Jump to content

Need help identifying sword


cplenz1974
 Share

Recommended Posts

Hi all -

 

I am new here and looking for help identifying a sword that my father acquired about 20 years ago at a flea-market in Portugal. We have NO intention to sell or otherwise list it, we are however interested to find out as much as possible about its origin and history. The vendor told my father that "it was a simple officer's sword".

 

My research so far is pretty rudimentary, the blade appears to be steel, everything looks authentic though the Habaki looks out of place. The first two symbols of the inscription seem to indicate 1504 Eishou period. I may be way off...

 

Looking forward to your feedback.

post-5284-14196943209204_thumb.jpg

post-5284-14196943223453_thumb.jpg

post-5284-1419694323993_thumb.jpg

post-5284-14196943256969_thumb.jpg

post-5284-14196943272947_thumb.jpg

post-5284-14196943280268_thumb.jpg

Link to comment
Share on other sites

Chris - thanks for the quick info. Any thoughts on authenticity based on the overall look? What about the other items? Clearly the blade needs some help. Any comment on the Habaki in particular? I couldn't find any references to the shape other than on double edged swords of a much later time. ???

Link to comment
Share on other sites

Chris - thanks for the quick info. Any thoughts on authenticity based on the overall look? What about the other items? Clearly the blade needs some help. Any comment on the Habaki in particular? I couldn't find any references to the shape other than on double edged swords of a much later time. ???

 

 

There were many who used the mei Kiyomitsu so it is hard to say....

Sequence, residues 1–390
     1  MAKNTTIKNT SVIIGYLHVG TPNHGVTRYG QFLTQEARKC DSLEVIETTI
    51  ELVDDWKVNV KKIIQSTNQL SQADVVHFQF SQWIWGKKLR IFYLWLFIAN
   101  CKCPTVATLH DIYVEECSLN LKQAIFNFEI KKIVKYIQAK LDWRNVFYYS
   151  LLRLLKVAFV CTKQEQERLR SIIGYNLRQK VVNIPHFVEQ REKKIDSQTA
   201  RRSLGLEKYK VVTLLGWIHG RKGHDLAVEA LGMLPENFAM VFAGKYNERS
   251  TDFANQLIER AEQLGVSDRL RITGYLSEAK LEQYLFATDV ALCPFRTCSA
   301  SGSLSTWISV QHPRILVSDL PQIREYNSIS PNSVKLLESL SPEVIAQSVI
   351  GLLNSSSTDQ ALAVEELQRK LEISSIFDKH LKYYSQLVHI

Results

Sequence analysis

Link to comment
Share on other sites

This signature could also be read Norimitsu. (sorry can't do kanji).

There were a line of Norimitsu smiths who all signed "Bizen" and/or "Bishu", including in Eisho period.

I don't have my Hawleys handy but you can check Fujishiro Kotohen pp.278-279 and the Nihonto Meikan pp.736-737.

 

The quality of the blade seems better than the usual kazuuchimono of this period IMHO. The habaki is correct and seems to be of good quality.

The menuki seem to be the usual Showa period pressed tin type seen on civilian blades taken to war.

Hope this helps,

Link to comment
Share on other sites

This thread is quite old. Please consider starting a new thread rather than reviving this one, unless your post is really relevant and adds to the topic..

Join the conversation

You can post now and register later. If you have an account, sign in now to post with your account.

Guest
Reply to this topic...

×   Pasted as rich text.   Paste as plain text instead

  Only 75 emoji are allowed.

×   Your link has been automatically embedded.   Display as a link instead

×   Your previous content has been restored.   Clear editor

×   You cannot paste images directly. Upload or insert images from URL.

Loading...
 Share

×
×
  • Create New...